Oh, my.

I was at Earth Fare this morning, doing my weekly shopping trip. It was — I believe — the first time I’ve attempted this with all 3 children in-tow. It went surprisingly well. I had the wee one in a sling, and the older two were unusually well-behaved.

So while I might like to paint a picture of me being frazzled and overwhelmed, and therefore just needing to pamper myself with a treat, I can’t do it. But when I walked by the yogurt in the dairy case, this little cup called out to me. Plum and walnut? How could I resist that flavor, at this time of year? In a L’Oreal-inspired “because I’m worth it” moment, I bought it.

Fast-forward half an hour, and after making lunch for the kids while the baby screamed her head off, being torturously left in her carseat for five minutes, I sat down to feed screaming baby and simultaneously began scarfing down this heavenly yogurt creation.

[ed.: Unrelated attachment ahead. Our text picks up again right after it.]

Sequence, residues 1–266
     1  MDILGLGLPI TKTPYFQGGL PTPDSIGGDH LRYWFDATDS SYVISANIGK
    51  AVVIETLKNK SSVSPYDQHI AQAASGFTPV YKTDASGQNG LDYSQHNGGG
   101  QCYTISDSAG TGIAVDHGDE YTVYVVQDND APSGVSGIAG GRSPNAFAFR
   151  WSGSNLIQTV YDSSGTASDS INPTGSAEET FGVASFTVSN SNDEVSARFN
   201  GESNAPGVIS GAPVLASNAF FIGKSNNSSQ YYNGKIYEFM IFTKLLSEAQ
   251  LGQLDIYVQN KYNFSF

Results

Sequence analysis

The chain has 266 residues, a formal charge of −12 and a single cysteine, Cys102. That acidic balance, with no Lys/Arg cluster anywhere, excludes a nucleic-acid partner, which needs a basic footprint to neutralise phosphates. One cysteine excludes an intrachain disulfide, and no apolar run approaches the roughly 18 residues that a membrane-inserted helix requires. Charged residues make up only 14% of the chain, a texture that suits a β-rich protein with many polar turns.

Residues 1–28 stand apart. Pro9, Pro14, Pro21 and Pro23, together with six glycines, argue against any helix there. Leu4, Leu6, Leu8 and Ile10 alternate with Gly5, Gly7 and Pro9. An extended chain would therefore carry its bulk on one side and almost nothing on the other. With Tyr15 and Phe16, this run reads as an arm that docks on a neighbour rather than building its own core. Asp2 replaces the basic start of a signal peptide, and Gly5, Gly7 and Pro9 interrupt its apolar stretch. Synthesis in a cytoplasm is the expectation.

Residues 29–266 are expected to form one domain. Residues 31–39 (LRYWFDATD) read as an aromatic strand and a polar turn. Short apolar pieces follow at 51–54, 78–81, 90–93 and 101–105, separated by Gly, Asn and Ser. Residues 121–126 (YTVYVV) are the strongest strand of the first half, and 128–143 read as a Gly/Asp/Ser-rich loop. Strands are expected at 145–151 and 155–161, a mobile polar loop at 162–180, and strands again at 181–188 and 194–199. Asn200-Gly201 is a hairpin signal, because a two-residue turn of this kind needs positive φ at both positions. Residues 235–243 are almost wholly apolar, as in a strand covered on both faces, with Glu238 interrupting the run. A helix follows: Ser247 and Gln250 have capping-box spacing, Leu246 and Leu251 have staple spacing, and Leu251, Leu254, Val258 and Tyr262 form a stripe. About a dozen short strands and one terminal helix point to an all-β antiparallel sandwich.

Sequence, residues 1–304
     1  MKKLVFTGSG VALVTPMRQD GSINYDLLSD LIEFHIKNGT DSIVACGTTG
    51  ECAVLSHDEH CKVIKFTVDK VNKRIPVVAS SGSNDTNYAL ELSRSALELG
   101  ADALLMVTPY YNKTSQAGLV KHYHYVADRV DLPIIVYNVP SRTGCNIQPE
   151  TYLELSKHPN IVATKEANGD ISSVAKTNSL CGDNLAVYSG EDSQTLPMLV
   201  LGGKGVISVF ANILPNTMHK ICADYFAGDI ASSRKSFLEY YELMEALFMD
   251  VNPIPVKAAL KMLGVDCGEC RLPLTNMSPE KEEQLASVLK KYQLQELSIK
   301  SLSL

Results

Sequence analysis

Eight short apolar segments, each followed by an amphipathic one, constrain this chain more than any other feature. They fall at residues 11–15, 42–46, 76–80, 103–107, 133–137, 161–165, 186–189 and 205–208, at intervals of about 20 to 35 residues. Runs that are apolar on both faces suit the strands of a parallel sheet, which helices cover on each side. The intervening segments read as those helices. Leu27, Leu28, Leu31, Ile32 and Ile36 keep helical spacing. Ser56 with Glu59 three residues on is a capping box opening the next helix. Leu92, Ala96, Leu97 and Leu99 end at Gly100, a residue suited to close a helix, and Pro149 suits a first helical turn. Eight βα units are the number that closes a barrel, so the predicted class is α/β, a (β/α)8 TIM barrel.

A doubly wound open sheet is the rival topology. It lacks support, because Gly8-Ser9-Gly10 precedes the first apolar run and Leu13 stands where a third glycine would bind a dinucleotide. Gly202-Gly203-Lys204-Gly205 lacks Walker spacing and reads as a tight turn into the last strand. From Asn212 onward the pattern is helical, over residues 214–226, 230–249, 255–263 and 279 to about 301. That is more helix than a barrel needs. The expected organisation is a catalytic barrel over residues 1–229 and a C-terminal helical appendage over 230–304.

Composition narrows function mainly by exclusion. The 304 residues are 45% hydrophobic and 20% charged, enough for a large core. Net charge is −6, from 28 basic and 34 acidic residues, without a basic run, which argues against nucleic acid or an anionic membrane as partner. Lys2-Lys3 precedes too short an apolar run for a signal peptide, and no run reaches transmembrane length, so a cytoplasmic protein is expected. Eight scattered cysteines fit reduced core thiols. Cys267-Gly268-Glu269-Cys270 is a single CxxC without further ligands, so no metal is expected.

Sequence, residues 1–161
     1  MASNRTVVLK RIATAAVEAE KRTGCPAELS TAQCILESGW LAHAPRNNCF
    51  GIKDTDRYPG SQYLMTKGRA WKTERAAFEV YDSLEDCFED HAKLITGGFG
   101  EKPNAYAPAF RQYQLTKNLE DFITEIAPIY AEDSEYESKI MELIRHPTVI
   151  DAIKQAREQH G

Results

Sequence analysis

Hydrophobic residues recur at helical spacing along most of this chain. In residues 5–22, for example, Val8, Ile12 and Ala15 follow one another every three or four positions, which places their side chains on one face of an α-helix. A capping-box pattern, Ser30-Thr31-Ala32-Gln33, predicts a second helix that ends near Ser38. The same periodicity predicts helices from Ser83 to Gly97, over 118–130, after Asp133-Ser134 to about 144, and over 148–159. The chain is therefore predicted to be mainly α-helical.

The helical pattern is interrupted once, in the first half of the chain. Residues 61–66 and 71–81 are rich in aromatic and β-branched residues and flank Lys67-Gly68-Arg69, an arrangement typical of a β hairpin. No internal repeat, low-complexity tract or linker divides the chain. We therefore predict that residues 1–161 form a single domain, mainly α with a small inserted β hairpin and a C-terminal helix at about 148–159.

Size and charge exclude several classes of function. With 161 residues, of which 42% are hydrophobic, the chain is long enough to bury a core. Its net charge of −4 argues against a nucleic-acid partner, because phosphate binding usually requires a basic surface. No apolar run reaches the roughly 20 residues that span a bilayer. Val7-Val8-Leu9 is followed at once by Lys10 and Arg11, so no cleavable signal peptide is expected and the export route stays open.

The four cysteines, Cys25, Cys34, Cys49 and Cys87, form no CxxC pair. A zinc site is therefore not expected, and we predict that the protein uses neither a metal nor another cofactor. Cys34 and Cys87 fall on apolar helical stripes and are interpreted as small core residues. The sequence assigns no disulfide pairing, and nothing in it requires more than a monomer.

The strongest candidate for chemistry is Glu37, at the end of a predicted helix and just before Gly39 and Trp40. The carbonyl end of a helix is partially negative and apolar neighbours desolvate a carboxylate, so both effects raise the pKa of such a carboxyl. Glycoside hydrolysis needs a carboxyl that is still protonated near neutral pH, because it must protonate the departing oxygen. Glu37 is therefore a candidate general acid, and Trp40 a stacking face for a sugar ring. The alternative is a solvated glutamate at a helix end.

Have you had this stuff? This is beyond what yogurt should be. It really shouldn’t be called yogurt; it’s more in line with some whipped delight, a confection of more disastrous coronary implications (disclaimer: there’s a reason it tastes so good… so if you’re avoiding saturated fat, it’s not the choice for you).

This is how good it is: given the choice of another cup of this yogurt or a Chocolove bar, I’d go with Liberté. Those crazy French-Canadians. They know what they’re doing with cultured milk. It was indeed:

It was good.

Thanksgiving dinner, that is. It might have been my favorite said dinner thus far; though I did miss the sweet potato casserole. Maybe the perfect T-day dinner, in my world, is the menu we planned with the addition of that casserole.